Amit Sharma is a Research Scholar at Kurukshetra University, Haryana, India. He is fond of writing on contemporary and emerging issues.
What is Emerging As A Change?
Change is the only constant thing in this world. Everything is undergoing change during these days of COVID-19 pandemic. Our education sector is also not untouched from the effects of ongoing lockdown. Changes can be apparently seen in today’s pedagogy as students and educators are shifting from classroom teaching to online teaching during these days of lockdown. Over 1 billion children and youth, roughly half of the world’s student population are at present away from schools/colleges and universities. Novel and innovative ways are being explored by the teachers as well as by the students to do learning through various devices and internet oriented educational applications that no one had expected before COVID-19. The rooms of the students have been converted into classrooms due to ongoing lockdown.
How are the Devices and Internet Services Being Used?
Most of us used to use internet mostly for playing games, listening and watching songs and videos, chatting, making videos on tik-tok etc. But now, flair of students has changed towards applications of internet in these days. Students are now spending long hours on the internet for studies or productive purposes rather than for recreation purposes. They are engaging on various online platforms to connect virtually with their classmates and teachers. Most of the online platforms that are currently being used for educational purposes are zoom, skype, google classroom, what’s app, email etc. Webinars have replaced seminars and students from each corner are actively participating in them. Various national level and state level online competitions for students are being organized by the colleges and universities to engage them in educational activities in these days of lockdown.
What are the Changes in the Perspective of the Students, Teachers and Parents?
COVID-19 has changed not only the perspective of students but also the perspective of parents and teachers towards technology. Earlier mobile phones were considered as a source of distraction for the students and they also got scolded by their parents and teachers for it. But now, it is very interesting to see that the teachers are calling on the mobiles of parents and suggesting to provide phones to their children so that they can join online classes. Nowadays, students have solid reason to keep mobile phones with them as now their classes have been shifted to their phones, laptops, iPads and tablets.
Earlier, when they were studying in classrooms, they used to write the important things in their notebooks to make notes for exams but now, they are taking screenshots of the slides that are presented by the teachers during online class and after that they write the words from these slides on their notebooks in leisure time. Now, the students are exploring new and new ways of learning during this pandemic time. So, COVID-19 has changed the perspective of every educational stakeholder whether he/she is a teacher, student or parent.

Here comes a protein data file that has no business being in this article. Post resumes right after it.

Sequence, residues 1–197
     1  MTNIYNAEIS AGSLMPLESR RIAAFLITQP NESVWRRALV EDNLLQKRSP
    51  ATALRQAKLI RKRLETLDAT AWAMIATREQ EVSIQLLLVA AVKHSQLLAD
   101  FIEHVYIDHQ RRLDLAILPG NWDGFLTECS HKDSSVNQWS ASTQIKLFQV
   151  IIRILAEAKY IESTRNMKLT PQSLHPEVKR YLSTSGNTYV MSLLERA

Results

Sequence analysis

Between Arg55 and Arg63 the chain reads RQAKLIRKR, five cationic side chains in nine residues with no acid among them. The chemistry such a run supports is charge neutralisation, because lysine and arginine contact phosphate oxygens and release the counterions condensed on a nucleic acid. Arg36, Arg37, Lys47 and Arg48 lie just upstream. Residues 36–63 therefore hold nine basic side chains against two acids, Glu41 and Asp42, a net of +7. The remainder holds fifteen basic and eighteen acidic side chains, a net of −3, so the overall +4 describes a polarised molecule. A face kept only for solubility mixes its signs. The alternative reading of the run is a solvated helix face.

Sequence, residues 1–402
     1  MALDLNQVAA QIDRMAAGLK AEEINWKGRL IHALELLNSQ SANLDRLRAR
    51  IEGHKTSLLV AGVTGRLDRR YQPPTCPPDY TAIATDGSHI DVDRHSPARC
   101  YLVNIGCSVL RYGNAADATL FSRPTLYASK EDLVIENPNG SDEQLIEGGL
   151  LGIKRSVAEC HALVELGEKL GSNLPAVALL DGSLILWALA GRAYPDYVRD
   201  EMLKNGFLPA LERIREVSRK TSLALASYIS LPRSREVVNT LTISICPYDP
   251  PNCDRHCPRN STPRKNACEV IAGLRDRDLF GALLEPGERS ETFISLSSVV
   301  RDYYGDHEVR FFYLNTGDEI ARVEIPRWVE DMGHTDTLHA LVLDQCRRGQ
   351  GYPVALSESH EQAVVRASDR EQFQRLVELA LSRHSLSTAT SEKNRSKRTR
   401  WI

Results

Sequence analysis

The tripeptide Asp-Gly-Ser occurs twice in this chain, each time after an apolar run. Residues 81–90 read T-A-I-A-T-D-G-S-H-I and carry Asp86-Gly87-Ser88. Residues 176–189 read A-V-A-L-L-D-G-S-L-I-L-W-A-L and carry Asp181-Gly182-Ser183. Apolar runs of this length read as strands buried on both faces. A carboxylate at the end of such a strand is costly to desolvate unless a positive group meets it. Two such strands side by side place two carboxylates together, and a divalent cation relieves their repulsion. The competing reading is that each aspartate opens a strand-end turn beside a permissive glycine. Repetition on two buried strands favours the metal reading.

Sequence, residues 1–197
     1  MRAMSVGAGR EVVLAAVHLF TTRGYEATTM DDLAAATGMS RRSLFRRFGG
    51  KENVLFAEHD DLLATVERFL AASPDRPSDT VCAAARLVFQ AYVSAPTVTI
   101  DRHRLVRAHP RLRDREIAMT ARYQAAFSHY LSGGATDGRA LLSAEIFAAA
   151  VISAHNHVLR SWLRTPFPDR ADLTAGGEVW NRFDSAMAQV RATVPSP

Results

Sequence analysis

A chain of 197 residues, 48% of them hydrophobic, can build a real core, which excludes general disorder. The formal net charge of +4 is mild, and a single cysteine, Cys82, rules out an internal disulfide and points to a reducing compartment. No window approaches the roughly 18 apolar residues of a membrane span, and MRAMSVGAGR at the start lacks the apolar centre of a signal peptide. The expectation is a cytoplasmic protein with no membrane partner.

COVID-19 Has Taught Us
COVID: Connect Over the Virtually Established Infrastructure to Do Learning.
— Amit Sharma
How is My Maiden Experience?
Since March 2020, I have been attending virtual classes, webinars on zoom app and also participating in various competitions i.e. essay writing, power point presentation competitions etc. E-certificates have replaced the paper-certificates that took a lot of time to issue to the students. It was a great experience for me that I got the e-certificate of participating in an online quiz on the same evening of the competition day.
Since March 2020, I have been giving some power-point presentations with my classmates through ZOOM app. I also faced some technical glitches during these online classes and presentations. I noticed that some students of my class especially those who belong to villages, were struggling to attend these virtual classes every day. Some of them were facing some kind of network problems due to inadequate mobile towers in their villages and others did not have proper devices and gadgets to attend these classes. Thank God! Most of us did not have such kinds of problems but still, we were missing something that can never be replaced by these online classes that was the physical presence of our teachers.
Is the Change Permanent or Temporary?
No one can deny the fact that online teaching has substituted the classroom teaching to a great extent. Some students are enjoying and taking interest in this new emerging pedagogy while others are struggling, especially who are in rural areas and those who belong to poor middle class families. The fact that whether it will be a permanent part of our pedagogy in the coming days, depends on some questions: -
Q: - How long will this pandemic last?
Q : - Whether India will be able to create conducive IT infrastructure in post pandemic era?
Q: - What will be the results of cost-benefit analysis of the teaching methods i.e. classroom teaching and online teaching? Whether the online teaching is more effective than offline or classroom teaching?
Q: - How much the students, teachers and parents are satisfied with this new method of teaching and learning?
Q: - Will the Indian Government take appropriate steps to make educational devices and gadgets affordable for poor students?